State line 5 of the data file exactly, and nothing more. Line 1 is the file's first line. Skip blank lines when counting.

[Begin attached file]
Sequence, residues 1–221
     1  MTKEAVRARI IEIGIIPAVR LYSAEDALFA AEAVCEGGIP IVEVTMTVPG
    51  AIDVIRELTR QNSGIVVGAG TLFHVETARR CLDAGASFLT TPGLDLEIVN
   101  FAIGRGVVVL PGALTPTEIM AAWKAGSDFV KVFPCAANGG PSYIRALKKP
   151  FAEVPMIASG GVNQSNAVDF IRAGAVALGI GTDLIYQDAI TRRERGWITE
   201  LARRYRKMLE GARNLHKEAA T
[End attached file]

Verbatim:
   151  FAEVPMIASG GVNQSNAVDF IRAGAVALGI GTDLIYQDAI TRRERGWITE